Cows and calves on Rock Hill Ranch

Cows and calves on Rock Hill Ranch

The following day Randall still doesn’t see the calf which is a little unusual although we do have cows that will successfully keep the whereabouts of their calves a secret for 2 or 3 days. On the fourth day, Randall calls on the two-way radio and tells us the good news is that he found 037’s calf; the bad news is that the baby calf has a broken back leg. Randall wants Paul to come up and help him get the cow and calf penned and then they will bring the pair  to our house where the facilities are more adept at handling injured or sick cattle.

I don’t go with Paul and Randall as this shouldn’t be too hard, the guys will catch the calf, put it on the back of the pickup, one of the men will hold the calf near the edge of the pickup bed where 037 can see and smell the calf, and the cow should follow the truck/calf right to the pen. As far as I know this part of the operation went according to plan although 037 was pretty fussy by the time the human and bovine party had reached the pen. The fun began when the men returned to the pen to load the cow in the front compartment of the trailer while the broken legged calf would be put in the back compartment.

Well according to my source for this cow tale, 037 didn’t take to this idea at all and became infuriated to the point that she chased Randall up and over the pen fence to put an exclamation mark on her opinion of the matter. The men did get the cow and calf loaded separately in the trailer and brought the angry mama and injured calf home. In the mean time I contacted Dr. A who was working on a neighboring ranch and she assured me that she would come and attend the broken leg of the calf as soon as she was finished with her work there. Paul and Randall leave the hurt calf and 037, who Paul refers to as a man-eater, in the trailer until the vet shows up.

Heifer calf sporting her colorful splint.

Heifer calf sporting her colorful splint.

When Dr. A arrives the men carry the baby calf out into the small pen where the vet checks out the dangling leg (ugh). Doc tells us that the break is in a good place, midway between the knee and the hip which makes her job of splinting the leg easier. Our vet injects some anesthetic into a vein in the calf’s tail and it isn’t long before the black baby is literally snoring softly! Dr. A places an aluminum frame around the calf’s broken leg, adjusts the frame to the right length, wires the tip of the hoof to the frame to keep the leg in place and then begins wrapping self-sticking purple bandages around the leg and splint. When Doc finishes with the splint the little calf is still sleeping so 037 will have to stay in the trailer for a while longer.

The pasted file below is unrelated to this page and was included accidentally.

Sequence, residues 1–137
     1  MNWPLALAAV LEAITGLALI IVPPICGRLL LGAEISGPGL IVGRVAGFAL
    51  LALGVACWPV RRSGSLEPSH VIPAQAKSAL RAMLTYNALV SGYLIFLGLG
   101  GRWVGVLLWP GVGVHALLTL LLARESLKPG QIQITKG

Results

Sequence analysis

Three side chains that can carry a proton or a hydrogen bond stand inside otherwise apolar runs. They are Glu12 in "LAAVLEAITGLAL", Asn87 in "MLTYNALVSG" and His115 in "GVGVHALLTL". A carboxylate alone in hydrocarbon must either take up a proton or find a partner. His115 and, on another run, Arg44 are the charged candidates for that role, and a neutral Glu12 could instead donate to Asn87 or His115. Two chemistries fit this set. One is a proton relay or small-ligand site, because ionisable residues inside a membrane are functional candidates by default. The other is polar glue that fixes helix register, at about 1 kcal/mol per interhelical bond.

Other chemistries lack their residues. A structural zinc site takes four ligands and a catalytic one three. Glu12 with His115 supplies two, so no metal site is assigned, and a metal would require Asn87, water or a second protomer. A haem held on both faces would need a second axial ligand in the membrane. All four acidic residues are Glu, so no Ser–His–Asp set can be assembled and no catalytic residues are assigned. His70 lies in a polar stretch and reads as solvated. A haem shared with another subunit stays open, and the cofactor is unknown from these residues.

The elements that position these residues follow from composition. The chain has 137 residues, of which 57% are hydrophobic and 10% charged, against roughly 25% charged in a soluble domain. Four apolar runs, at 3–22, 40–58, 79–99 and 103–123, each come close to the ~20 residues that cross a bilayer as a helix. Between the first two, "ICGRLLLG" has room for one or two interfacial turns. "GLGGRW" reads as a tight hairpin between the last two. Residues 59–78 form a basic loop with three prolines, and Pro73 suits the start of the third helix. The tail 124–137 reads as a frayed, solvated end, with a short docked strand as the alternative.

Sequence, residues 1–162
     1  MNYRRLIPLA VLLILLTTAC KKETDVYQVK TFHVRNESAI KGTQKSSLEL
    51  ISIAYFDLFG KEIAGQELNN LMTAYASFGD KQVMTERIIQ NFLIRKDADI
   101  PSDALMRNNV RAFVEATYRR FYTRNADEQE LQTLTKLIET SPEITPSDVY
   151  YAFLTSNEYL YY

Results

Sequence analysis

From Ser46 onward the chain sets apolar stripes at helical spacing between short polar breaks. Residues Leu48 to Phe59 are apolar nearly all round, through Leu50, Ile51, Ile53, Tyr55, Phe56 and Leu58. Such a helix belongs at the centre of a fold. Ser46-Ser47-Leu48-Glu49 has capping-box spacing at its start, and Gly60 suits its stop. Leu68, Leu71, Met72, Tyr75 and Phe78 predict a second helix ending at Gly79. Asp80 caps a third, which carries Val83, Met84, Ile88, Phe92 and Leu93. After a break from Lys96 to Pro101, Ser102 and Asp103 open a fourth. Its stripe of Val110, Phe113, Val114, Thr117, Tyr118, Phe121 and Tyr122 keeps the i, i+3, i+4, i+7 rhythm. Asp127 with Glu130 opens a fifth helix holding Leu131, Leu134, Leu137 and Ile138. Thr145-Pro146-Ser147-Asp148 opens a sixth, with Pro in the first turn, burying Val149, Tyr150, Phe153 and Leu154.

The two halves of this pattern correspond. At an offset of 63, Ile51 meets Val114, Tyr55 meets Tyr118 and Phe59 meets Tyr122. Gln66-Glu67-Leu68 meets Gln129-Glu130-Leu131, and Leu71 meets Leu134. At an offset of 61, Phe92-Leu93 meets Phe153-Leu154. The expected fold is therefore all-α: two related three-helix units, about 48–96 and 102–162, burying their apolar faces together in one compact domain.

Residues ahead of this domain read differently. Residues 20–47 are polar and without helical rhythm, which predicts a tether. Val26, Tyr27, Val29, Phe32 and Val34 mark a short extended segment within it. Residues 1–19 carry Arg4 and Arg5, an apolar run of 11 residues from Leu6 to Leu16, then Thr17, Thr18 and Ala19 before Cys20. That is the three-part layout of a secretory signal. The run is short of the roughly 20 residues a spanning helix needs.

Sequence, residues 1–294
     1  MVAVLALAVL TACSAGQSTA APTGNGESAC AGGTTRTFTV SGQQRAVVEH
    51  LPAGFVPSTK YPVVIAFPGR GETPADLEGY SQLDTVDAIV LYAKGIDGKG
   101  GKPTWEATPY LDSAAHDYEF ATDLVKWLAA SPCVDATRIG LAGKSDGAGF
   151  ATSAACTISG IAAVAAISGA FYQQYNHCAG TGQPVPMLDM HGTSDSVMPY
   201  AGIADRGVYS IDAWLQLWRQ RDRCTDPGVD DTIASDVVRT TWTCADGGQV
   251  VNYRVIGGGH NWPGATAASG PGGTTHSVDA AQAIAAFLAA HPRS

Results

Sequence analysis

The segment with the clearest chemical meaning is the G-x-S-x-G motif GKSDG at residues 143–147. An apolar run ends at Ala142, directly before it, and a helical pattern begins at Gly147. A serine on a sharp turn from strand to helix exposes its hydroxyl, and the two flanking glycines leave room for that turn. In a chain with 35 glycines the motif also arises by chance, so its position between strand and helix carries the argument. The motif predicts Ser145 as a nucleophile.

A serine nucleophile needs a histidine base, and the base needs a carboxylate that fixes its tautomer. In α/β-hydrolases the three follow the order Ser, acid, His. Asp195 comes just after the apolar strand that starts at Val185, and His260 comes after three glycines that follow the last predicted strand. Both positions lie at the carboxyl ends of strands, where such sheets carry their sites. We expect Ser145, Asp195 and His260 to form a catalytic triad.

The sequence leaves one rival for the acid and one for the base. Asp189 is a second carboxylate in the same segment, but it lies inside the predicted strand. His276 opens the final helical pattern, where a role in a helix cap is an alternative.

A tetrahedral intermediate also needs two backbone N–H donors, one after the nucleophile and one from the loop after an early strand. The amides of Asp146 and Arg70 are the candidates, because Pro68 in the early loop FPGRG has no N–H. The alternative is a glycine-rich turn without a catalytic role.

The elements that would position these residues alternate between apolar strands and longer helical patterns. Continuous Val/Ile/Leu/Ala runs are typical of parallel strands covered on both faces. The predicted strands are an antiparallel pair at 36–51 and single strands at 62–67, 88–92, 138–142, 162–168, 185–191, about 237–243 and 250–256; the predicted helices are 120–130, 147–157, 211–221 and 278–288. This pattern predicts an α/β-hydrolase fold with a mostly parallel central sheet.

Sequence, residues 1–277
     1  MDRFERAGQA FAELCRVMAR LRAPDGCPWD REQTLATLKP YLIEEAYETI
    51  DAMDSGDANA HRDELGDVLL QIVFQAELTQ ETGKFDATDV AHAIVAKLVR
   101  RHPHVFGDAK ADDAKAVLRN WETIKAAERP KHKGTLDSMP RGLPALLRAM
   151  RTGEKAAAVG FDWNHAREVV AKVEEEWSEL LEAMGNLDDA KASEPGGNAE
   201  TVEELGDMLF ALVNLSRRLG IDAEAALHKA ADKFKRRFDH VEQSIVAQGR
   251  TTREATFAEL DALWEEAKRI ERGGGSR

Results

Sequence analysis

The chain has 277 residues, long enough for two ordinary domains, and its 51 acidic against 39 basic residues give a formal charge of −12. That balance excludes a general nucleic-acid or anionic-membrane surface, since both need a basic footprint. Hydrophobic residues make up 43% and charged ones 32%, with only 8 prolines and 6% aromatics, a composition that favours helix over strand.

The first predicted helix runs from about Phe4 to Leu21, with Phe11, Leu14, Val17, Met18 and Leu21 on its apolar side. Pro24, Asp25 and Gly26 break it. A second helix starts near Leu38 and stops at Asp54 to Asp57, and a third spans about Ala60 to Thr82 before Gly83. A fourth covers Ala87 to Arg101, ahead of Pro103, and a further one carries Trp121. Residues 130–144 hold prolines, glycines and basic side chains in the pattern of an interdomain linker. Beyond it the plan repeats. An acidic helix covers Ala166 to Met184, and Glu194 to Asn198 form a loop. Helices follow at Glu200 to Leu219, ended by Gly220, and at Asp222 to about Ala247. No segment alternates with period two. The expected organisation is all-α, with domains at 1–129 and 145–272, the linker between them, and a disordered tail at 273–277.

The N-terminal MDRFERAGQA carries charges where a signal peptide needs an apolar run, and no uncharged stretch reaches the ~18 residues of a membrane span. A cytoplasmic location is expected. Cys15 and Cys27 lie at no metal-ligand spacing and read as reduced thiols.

Half an hour or so later the baby calf is up and probably confused by the contraption that is attached to her back leg. We open the gate on the trailer, 037 rockets out and moos for her calf. When she catches sight of her calf, the agitated cow runs into the corner pen with her baby and we shut the gate on her. Gottcha! The protective mama paws the ground sending a shower of dirt and pebbles into the air and shakes her head menacingly at us. We walk away and leave the cow and calf in peace.

O37 telling us that she means business

O37 telling us that she means business

For the weeks to come whenever we are near the pen that 037 and her calf occupy, she fills the air with dirt and slobber as she double dog dares us to set foot into the pen. The old bat does learn after a few days that two times a day I approach the pen to feed and water her. At feeding time Ms. Man-eater forgoes all the bluster and waits by the corner feed rack where I toss the brome and alfalfa hay. At first the little calf drags the large cast around when he walks but within a week the heifer calf is running and playing despite the extra bulk on her back leg.

After two weeks it is obvious the cast needs to be adjusted to the rapidly growing calf. Dr. A is coming out to semen test our herd bulls so she will refit the splint while she is here. Naturally the cow is going to have to be separated from the calf so Doc can safely do her work. Randall opens the pen gate from outside the pen and 037 sees the gap and runs out of the pen assuming her baby is right behind her. Randall has shut the gate before the little heifer can escape with mom so that went much easier than I expected it would.

The second cast

The second cast

When Dr. A arrives; Paul and Randall chase the feisty heifer into a corner and lay the calf on her side. Our vet must put her to sleep again because there is no way she can work on a struggling patient. The cast is removed, lengthened to accommodate the fast growing calf, and then the splint is swathed in white ace bandages. We leave the snoring calf to her dreams and start testing bulls. By the time we have finished testing the four bulls the baby calf is trying to stand.

After four weeks of putting up with The Man-eater rearranging the dirt in the pen every time we walk by, our vet gives us the green light to remove the splint. The guys manage to separate the cow and calf and after a brief tussle put the little heifer on her side. Randall holds the calf down while Paul cuts the bandages and pulls the splint off. 037 is pacing the fence and hurling threats at us but we just ignore her. There are some raw spots where the hip hoop was pressing on the inside of her leg so it was definitely time to take the splint off.

O37 and calf back with the herd. The heifer calf is doing great

O37 and calf back with the herd. The heifer calf is doing great

We reunite 037 and her calf and open the lane gate that leads to the brome field where the pair will at last be reunited with the herd. 037 runs the several hundred yards giving no thought to her baby who suddenly isn’t dragging a big splint around. Happily the Angus heifer calf is able to keep up with mom, although the formerly broken leg tends to kick out to the side a bit. Oh well, the good news is that the leg healed up and if the leg is a bit crooked so what. Later, Nancy

A cow babysitting calves on Rock Hill Ranch

A cow babysitting calves on Rock Hill Ranch

 

 

 

 

 

 

 

 

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3 comments on “Reality Ranching October(November) 2015

  1. Alan says:

    An interesting view of the trials and tribulations of the cattle business.

  2. jen says:

    A true Ranching Melodrama!! Fun!

  3. valeri says:

    Another great blog, Nancy! It seems the cattle herd really gave you some interesting stories–I can’t believe the two vet issues. I am glad the calf and One Toe are both doing well. I do think it is very funny that Dalton is taking measures to make sure his herd gets the best stock. He does a great job of naming his herd!